document.write replaces entire body #437

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AmaanC opened this Issue Nov 20, 2012 · 15 comments

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AmaanC commented Nov 20, 2012

This is expected behavior if the document.write comes after the body, but Zombie.js replaces the entire body even if it's there before; i.e. in the head tag. Here is a simple example of the Node.JS file:

var Browser = require('zombie');
var browser = new Browser();

browser.visit('localhost:8080', function (){
    console.log(browser.body.outerHTML);
});

And this is the file being server at localhost:

<html>
    <head>
        <script>
            document.write('This should not replace everything!');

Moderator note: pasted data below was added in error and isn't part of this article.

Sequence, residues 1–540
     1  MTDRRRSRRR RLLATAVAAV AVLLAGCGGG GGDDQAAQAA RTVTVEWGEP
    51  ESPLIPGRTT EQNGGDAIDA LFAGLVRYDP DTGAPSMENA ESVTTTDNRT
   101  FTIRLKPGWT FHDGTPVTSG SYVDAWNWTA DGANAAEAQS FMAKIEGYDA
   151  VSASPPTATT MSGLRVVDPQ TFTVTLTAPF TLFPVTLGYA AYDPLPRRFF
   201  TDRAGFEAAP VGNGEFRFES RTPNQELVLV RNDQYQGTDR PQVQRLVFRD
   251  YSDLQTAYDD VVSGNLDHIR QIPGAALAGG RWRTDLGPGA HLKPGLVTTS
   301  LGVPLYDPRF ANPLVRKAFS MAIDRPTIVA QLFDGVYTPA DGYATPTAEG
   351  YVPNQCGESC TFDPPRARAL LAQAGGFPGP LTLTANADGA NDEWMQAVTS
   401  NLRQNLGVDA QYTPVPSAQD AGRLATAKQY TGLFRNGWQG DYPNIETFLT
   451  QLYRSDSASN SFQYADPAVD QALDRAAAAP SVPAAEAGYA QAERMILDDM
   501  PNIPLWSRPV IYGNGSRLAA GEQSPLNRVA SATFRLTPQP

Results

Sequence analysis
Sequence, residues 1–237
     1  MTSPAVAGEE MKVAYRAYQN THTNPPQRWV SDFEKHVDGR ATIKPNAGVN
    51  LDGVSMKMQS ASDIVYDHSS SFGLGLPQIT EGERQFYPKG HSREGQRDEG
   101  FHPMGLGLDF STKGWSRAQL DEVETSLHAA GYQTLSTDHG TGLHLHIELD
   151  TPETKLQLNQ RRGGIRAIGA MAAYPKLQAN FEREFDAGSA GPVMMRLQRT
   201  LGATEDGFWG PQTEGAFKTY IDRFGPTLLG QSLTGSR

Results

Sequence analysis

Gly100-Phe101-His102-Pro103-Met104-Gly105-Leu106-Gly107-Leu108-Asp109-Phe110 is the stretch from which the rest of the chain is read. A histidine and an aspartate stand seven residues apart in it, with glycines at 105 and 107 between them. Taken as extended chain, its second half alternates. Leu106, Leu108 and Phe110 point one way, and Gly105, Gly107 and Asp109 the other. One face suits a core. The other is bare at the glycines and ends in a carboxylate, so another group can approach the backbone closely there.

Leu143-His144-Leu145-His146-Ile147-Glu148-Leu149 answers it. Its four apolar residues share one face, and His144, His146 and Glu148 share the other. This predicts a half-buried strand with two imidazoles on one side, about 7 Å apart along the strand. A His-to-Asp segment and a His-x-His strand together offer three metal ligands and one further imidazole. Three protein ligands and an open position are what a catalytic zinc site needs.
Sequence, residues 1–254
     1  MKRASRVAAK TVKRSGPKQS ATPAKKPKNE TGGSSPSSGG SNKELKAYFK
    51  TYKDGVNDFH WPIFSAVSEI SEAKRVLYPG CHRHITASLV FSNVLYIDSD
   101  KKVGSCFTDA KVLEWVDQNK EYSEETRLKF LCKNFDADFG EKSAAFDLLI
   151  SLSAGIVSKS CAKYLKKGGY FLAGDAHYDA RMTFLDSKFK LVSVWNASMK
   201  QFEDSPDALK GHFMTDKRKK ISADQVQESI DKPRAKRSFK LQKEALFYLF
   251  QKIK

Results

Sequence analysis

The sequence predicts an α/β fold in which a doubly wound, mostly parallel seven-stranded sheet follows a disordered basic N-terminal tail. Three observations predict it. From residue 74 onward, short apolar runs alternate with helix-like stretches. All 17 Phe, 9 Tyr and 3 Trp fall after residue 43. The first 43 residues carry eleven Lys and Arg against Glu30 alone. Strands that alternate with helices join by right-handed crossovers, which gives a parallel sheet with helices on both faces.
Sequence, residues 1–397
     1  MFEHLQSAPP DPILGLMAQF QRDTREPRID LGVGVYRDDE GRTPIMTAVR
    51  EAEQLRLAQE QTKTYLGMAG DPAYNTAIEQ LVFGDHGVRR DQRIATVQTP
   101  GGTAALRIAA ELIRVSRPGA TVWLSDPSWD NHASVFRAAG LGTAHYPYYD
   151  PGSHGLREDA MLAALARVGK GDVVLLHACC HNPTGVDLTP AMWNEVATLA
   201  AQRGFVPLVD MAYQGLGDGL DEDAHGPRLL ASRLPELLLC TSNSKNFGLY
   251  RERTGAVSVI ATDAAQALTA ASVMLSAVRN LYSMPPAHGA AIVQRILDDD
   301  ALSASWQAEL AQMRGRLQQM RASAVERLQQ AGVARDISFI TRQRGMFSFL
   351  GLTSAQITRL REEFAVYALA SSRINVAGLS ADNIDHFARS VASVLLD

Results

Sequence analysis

</script>
    </head>
    <body>
        But it does.
    </body>
</html>

When run in the terminal, the logged console output is:

<body>This should not replace everything!</body>

AmmanC, here is how you can "turn off" the interpretation of document.write (at least part of your pages will survive). Not entirely perfect, but I guess you get the point:

HTML = require('./node_modules/zombie/node_modules/jsdom').dom.level3.html
_origHTMLLanguageProcessorJavaScript = HTML.languageProcessors.javascript
HTML.languageProcessors.javascript = (element, code, filename) ->
  code = code.replace /document.write/g, ""
  _origHTMLLanguageProcessorJavaScript element, code, filename

Assaf, until this is fully fixed (which I understand may be more difficult), would it make sense to have another browser option for this? E.g. ignoreDocumentWrite: true?

Thank you!

Owner

assaf commented Nov 21, 2012